The art is also fantastic. Wonder Woman ’77 #4 in particular, drawn by Jason Badower, is gorgeous. He captures Lynda Carter beautifully and with great detail, and some of the panels are absolutely stunning. Romulo Fajardo Jr.’s colours perfectly compliment the line work, and really bring Carter to life. I mean, look at this spectacular Lynda Carter:

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The first issue is worth reading solely for the art; that the story is fun too is an added bonus. Matt Haley takes over with the second issue of the arc, and while his art is less detailed than Badower’s, it’s still solid work. Haley illustrated the latter half of the first storyline as well; he’s the go-to guy when the more detailed, initial artist seems to fall off schedule, and it looks like he’ll be back next week to finish the arc. Haley is a good artist, but it would’ve been nice to have complete Drew Johnson art in the first run and complete Jason Badower work in the second; these aren’t lengthy gigs, and it’s disappointing that for whatever reason they’ve had to be replaced.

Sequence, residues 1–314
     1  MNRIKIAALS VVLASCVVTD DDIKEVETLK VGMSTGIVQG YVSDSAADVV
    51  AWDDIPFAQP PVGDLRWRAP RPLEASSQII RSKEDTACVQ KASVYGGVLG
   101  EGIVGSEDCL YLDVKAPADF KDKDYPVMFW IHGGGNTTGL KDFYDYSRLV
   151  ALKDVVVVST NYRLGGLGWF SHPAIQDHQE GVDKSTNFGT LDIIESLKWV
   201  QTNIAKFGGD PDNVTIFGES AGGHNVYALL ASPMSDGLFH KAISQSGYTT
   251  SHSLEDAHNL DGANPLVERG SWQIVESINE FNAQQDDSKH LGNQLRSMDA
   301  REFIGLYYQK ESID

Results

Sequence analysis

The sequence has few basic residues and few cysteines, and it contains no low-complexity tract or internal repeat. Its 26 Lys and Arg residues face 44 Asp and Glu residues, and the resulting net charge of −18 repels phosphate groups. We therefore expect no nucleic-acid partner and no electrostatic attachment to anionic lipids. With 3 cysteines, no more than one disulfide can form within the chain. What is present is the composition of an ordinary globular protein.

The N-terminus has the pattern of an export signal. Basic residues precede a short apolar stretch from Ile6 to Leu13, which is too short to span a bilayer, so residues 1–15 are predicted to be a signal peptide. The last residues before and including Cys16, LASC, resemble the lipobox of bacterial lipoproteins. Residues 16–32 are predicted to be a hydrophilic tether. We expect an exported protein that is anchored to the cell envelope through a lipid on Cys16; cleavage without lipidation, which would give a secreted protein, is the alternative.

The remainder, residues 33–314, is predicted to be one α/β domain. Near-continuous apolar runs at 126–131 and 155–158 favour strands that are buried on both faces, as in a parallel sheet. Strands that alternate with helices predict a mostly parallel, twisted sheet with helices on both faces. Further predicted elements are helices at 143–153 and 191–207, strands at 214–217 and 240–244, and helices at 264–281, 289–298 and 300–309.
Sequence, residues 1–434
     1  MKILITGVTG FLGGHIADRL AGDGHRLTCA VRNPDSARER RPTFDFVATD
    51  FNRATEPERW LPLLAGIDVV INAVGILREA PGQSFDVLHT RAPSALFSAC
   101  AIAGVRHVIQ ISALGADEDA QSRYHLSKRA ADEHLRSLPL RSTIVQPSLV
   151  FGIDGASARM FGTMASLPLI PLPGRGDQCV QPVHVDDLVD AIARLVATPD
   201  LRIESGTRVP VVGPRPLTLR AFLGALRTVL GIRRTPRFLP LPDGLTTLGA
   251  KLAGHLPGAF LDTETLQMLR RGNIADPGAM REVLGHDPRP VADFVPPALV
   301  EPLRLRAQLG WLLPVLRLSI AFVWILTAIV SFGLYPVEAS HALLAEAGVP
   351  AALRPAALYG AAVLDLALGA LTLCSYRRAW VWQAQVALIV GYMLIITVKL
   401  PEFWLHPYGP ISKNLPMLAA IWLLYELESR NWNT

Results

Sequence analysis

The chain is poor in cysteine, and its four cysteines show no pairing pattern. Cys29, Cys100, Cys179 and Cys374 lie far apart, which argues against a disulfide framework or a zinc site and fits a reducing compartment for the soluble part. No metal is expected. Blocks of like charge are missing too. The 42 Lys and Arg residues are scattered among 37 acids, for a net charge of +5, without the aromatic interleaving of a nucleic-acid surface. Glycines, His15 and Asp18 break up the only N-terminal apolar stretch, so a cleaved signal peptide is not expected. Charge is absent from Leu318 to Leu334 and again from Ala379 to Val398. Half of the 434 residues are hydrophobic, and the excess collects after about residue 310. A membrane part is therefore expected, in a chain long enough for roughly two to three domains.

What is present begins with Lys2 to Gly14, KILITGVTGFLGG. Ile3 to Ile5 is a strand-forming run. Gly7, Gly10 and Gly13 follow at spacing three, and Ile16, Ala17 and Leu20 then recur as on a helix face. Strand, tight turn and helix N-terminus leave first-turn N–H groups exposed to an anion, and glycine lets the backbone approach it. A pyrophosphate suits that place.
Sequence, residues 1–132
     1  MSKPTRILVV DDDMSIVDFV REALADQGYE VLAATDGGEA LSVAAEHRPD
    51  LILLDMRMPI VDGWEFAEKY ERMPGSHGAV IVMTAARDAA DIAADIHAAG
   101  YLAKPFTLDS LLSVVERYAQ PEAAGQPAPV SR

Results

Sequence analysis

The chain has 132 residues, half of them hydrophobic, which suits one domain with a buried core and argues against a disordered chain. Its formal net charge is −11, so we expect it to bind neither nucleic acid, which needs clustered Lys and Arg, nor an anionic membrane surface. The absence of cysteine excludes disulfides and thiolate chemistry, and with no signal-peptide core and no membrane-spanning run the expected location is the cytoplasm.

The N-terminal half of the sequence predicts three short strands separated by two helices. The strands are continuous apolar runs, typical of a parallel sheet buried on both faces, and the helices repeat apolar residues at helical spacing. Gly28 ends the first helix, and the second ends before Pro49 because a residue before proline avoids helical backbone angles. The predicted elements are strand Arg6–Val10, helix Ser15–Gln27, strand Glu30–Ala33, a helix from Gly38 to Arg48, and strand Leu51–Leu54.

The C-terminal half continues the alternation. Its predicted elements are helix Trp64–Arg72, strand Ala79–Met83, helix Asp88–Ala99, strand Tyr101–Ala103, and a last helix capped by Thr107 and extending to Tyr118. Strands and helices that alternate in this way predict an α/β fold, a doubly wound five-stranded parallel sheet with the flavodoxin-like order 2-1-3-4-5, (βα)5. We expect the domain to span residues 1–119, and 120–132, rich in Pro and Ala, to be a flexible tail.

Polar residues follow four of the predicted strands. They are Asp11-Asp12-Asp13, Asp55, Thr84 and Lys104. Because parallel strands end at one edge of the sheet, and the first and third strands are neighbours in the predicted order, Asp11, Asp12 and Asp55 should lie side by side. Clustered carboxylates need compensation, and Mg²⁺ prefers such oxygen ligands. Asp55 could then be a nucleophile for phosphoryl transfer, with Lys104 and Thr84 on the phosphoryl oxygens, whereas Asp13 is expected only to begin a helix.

Overall, these first two issues are a lot of fun, with a great twist that should set up an epic finale. Andreyko’s clearly steeped in the history of Wonder Woman, and while it seemed a bit haphazard at first it’s all came together at the end of today’s issue and I can’t wait to see where it goes from here. The final issue of this arc of Wonder Woman ’77 is scheduled for next Thursday, with Sensation Comics returning the following week, and the print version of this story will be collected in print in Wonder Woman ’77 Special #1 on April 29. Be sure to pick it up!